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A History of the Japanese People by F. Brinkley

THE JISHA BUGYOThe jisha bugyo


THE

DAIRO

The duties of the dairo--sometimes called karo or o-doshiyori--were to preside over the roju and to handle important administrative affairs. In many respects his functions resembled those discharged by the regent (shikken) of the Kamakura Bakufu. To the office of dairo a specially distinguished member of the roju was appointed, and if no one possessing the necessary qualifications was available, that post had to be left vacant. Generally the Ii, the Hotta, or the Sakai family supplied candidates for the office.

THE ROJU

The roju or senior ministers--called also toshiyori--discharged the administration. They resembled the kwanryo of the Muromachi Government. There were five of these ministers and they exercised control over all matters relating to the Imperial palace, the palace of the ex-Emperor (Sendo), the Imperial princes, the princely abbots (monzeki) and all the daimyo. It was customary to choose the roju from among officials who had previously served as governors of Osaka or Kyoto or as soshaban, who will be presently spoken of at greater length.

THE WAKA-DOSHIYORI

There were five junior ministers (waka-doshiyori) whose principal functions were to exercise jurisdiction over the hatamoto and the kenin. These latter names have already been alluded to, but for the sake of clearness it may be well

to explain that whereas the fudai daimyo consisted of the one hundred and seventy-six barons who joined the standard of Ieyasu before the battle of Sekigahara, the hatamoto (bannerets), while equally direct vassals of the shogun, were lower than the daimyo though higher than the go-kenin, who comprised the bulk of the Tokugawa samurai. Members of the waka-doshiyori might at any time be promoted to the post of roju. Their functions were wide as well as numerous, and resembled those performed by the Hyojo-shu and the hikitsuke-shu of the Kamakura and Muromachi Governments. A junior minister must previously have occupied the post of administrator of temples and shrines (jisha-bugyo) or that of chamberlain (o-soba-shu) or that of chief guard (o-ban). The offices of minister and junior minister were necessarily filled by daimyo who were hereditary vassals of the shogun.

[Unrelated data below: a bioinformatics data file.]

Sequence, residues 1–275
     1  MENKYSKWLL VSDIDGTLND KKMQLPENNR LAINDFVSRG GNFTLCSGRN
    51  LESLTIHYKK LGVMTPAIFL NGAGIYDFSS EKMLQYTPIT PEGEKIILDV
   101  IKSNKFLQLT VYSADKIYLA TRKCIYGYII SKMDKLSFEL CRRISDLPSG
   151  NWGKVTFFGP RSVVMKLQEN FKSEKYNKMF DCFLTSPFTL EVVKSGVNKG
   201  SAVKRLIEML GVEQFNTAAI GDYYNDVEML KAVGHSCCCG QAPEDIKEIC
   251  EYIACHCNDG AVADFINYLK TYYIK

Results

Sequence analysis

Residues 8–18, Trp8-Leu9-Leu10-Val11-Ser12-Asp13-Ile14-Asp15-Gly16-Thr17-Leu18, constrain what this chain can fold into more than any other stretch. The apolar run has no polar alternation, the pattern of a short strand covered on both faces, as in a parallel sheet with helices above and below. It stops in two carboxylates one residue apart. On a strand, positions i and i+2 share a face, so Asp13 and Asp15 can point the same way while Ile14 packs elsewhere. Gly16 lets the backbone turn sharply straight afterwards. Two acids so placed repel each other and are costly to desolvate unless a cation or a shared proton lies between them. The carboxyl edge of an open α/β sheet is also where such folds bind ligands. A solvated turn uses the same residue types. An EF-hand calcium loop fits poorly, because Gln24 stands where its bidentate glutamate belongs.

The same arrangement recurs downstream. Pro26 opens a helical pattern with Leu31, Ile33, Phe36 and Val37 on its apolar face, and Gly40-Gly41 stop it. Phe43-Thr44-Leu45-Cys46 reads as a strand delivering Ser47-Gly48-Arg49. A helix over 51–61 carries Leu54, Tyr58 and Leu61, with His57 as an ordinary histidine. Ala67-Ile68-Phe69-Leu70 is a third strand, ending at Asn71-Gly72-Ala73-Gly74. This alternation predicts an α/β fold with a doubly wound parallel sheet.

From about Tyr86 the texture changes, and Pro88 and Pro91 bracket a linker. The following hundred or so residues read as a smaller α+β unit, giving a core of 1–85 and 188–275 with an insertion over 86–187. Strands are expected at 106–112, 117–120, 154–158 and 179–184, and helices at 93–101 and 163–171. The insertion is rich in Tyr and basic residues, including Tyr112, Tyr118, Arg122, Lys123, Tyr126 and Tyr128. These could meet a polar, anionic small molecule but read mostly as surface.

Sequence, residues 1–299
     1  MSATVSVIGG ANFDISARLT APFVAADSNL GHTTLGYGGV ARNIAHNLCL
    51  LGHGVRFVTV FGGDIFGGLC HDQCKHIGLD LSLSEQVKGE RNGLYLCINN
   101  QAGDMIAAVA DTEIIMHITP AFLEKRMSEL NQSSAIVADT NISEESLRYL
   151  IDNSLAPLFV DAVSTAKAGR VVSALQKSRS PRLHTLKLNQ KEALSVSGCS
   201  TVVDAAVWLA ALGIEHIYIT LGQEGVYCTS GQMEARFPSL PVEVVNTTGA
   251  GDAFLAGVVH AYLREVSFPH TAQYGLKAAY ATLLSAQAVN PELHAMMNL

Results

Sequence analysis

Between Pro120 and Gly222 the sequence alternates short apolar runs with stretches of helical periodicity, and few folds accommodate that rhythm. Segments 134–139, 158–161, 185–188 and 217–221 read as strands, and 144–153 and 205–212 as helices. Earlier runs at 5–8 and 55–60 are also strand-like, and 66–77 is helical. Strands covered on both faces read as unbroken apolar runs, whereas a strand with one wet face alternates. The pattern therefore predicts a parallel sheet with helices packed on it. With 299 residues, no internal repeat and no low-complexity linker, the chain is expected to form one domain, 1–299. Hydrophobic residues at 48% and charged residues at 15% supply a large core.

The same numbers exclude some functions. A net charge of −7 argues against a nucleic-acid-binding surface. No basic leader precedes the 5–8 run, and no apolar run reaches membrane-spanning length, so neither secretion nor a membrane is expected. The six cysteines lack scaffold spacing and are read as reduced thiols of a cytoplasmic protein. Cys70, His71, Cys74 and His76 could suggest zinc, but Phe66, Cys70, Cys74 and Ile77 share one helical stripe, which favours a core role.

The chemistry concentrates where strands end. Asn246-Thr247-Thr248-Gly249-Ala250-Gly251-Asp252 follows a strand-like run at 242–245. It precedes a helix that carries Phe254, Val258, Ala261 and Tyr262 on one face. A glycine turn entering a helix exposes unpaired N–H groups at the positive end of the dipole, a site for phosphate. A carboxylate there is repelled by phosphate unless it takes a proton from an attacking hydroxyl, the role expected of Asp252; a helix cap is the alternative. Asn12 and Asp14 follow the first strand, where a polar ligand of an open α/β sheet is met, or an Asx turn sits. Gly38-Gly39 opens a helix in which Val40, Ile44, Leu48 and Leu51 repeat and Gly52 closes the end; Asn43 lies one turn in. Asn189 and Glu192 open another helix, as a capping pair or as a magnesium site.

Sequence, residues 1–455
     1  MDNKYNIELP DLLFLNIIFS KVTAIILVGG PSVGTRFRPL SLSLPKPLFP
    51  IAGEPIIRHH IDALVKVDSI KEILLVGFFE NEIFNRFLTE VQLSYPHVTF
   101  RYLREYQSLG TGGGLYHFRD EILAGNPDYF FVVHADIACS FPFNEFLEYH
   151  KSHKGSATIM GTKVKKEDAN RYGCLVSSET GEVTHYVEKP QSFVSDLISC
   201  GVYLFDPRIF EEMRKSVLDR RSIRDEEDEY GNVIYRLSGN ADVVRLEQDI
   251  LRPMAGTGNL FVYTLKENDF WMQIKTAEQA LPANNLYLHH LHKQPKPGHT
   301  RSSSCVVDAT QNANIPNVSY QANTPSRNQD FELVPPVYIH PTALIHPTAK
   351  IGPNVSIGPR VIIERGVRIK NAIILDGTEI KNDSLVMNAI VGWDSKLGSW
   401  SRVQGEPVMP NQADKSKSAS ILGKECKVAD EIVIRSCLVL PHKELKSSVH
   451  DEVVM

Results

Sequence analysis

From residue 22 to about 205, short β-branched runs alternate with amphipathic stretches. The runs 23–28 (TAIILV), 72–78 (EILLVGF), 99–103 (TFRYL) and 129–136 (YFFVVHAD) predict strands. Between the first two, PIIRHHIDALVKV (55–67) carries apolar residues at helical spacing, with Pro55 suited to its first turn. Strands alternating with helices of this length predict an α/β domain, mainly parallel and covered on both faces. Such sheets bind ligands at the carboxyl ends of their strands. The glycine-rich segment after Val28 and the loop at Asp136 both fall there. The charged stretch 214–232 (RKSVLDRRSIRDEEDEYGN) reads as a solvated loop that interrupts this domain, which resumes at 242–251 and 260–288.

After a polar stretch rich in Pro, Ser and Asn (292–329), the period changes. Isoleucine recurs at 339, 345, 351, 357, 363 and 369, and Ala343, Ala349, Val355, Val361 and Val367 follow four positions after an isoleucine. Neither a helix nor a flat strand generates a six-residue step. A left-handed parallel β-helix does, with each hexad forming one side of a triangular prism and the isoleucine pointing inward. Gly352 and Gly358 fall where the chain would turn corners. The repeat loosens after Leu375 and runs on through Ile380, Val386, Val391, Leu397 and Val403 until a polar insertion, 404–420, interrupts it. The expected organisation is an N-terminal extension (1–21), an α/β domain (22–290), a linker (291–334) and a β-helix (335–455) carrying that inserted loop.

SECRETARIES

There were two secretariats, the oku-yuhitsu (domestic secretariat) and the omote-yuhitsu (external secretariat). They discharged, on account of the senior ministers, the duties of scribes, and were presided over by a todori, who, in later days, wielded large influence.

THE JISHA-BUGYO

The jisha-bugyo, as their name suggests, supervised all affairs relating to shrines, temples, Shinto officials, bonzes, and nuns as well as persons residing within the domains of shrines and temples. They also discharged judicial functions in the case of these various classes. The number of these administrators of shrines and temples was originally three, but afterwards it was increased to four, who transacted business for a month at a time in succession. The soshaban, who were entitled to make direct reports to the shogun, had to fill the office of jisha-bugyo in addition to their other functions, which were connected with the management of matters relating to ceremony and etiquette.

At first there were only two of these soshaban, but subsequently their number was increased to twenty-four, and it became customary for one of them to keep watch in the castle at night. They were generally ex-governors of Osaka and Fushimi, and they were necessarily daimyo who had the qualification of direct vassalage to the shogun. The jisha-bugyo performed their judicial functions in their own residences, each administrator employing his own vassals for subordinate purposes, and these vassals, when so employed, were distinguished as jisha-yaku or toritsugi. Further, officiating in conjunction with the jisha-bugyo f were chief inspectors (daikenshi), and assistant inspectors (shokenshi) whose duties require no description. The classes of people to whom the jisha-bugyo's jurisdiction extended were numerous: they embraced the cemetery-keepers at Momiji-yama, the bonzes, the fire-watchmen, the musicians, the Shinto officials, the poets, the players at go or chess, and so forth.


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